NATIONAL BUREAU OF ECONOMIC RESEARCH
NATIONAL BUREAU OF ECONOMIC RESEARCH

NBER Working Papers by Katherine L. Milkman

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Working Papers

April 2012Following Through on Good Intentions: The Power of Planning Prompts
with John Beshears, James J. Choi, David Laibson, Brigitte C. Madrian: w17995
We study whether prompts to form and recall a plan can increase individuals’ responsiveness to reminders to make and attend beneficial appointments. At four companies, all employees due for a colonoscopy were randomly assigned to receive either a control mailing or a treatment mailing. The mailings were identical except that the control mailing included a blank sticky note while the treatment mailing included a sticky note that prompted the recipient to write down the appointment date for a colonoscopy and the name of the doctor who would conduct the procedure. During the seven-month follow-up period, 7.2% of treatment employees received a colonoscopy compared to 6.2% of control employees, a statistically significant difference that is roughly equal to the variation in compliance associate...
August 2011The Effect of Providing Peer Information on Retirement Savings Decisions
with John Beshears, James J. Choi, David Laibson, Brigitte C. Madrian: w17345
We measure how receiving information about coworkers’ savings behavior affects recipients’ savings choices. Low-saving employees were sent a simplified 401(k) plan enrollment or contribution increase form. A randomized subset of forms included information on the (high) fraction of coworkers either participating in or contributing at least 6% of pay to the plan. We document an oppositional reaction: peer information decreased the savings of (unionized) recipients who were not eligible for automatic enrollment in the 401(k). We find no significant evidence that peer information altered the savings decisions of recipients who had previously opted out of automatic 401(k) enrollment.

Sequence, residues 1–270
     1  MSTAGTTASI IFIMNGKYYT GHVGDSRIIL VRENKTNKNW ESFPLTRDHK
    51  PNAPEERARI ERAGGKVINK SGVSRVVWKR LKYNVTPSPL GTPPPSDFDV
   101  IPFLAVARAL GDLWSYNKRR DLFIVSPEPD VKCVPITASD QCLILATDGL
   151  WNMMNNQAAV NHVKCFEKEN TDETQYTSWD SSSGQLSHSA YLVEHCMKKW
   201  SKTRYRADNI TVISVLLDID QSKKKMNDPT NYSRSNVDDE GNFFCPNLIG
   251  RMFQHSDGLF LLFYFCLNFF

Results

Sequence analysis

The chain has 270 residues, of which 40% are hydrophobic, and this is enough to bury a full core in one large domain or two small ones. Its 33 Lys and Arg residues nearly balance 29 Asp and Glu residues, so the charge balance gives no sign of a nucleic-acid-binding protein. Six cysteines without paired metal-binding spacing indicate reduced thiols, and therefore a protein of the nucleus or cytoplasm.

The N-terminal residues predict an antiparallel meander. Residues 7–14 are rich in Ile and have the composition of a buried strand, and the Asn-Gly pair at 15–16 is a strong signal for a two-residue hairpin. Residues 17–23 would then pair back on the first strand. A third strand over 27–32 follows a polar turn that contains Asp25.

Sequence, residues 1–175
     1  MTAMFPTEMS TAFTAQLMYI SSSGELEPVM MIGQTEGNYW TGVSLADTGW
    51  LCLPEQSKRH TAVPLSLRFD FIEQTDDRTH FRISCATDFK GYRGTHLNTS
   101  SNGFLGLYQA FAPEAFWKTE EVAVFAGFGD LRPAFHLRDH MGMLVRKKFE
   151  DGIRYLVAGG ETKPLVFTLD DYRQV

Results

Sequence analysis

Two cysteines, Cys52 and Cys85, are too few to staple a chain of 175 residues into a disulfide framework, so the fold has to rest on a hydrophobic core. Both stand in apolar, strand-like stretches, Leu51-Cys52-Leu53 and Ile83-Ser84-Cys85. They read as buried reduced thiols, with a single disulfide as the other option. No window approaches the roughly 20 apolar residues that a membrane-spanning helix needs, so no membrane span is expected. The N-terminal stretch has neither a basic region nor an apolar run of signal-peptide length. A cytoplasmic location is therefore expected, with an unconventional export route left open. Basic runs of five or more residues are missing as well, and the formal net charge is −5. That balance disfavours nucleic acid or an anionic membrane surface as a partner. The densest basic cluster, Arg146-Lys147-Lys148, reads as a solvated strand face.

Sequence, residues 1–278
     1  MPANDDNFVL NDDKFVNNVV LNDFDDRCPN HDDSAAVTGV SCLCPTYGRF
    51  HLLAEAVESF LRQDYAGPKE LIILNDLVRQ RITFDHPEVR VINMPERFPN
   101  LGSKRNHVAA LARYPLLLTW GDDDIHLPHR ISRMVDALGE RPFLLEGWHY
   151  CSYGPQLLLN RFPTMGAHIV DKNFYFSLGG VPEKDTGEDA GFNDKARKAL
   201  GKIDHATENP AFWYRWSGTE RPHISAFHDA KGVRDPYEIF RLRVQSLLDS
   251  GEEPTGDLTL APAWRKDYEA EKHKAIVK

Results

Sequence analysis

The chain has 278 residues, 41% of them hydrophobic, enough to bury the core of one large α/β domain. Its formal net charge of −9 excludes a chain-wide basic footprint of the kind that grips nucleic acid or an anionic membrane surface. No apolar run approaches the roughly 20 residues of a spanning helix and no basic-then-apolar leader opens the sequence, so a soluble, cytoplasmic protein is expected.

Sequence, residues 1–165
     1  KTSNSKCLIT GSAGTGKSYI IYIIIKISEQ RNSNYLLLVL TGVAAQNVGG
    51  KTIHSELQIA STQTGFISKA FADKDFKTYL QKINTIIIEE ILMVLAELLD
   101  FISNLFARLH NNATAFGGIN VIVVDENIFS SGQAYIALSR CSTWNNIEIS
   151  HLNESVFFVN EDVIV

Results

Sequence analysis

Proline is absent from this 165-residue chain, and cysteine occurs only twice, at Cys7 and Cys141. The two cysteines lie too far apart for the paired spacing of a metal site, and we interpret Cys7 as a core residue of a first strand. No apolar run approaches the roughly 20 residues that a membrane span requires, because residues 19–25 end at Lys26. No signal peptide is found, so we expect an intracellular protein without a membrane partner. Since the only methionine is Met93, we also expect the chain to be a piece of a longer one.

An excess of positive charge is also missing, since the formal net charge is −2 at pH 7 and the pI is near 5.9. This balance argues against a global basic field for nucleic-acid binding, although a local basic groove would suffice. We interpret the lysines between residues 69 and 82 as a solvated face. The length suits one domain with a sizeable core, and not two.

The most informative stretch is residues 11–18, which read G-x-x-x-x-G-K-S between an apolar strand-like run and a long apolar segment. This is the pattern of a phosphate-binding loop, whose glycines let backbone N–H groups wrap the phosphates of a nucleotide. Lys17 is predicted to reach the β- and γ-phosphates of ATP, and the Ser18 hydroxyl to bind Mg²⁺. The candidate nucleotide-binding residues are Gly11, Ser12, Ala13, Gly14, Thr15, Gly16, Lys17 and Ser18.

June 2011Using Implementation Intentions Prompts to Enhance Influenza Vaccination Rates
with John Beshears, James J. Choi, David Laibson, Brigitte C. Madrian: w17183
We evaluate the results of a field experiment designed to measure the effect of prompts to form implementation intentions on realized behavioral outcomes. The outcome of interest is influenza vaccination receipt at free on-site clinics offered by a large firm to its employees. All employees eligible for study participation received reminder mailings that listed the times and locations of the relevant vaccination clinics. Mailings to employees randomly assigned to the treatment conditions additionally included a prompt to write down either (1) the date the employee planned to be vaccinated or (2) the date and time the employee planned to be vaccinated. Vaccination rates increased when these implementation intentions prompts were included in the mailing. The vaccination rate among control co...

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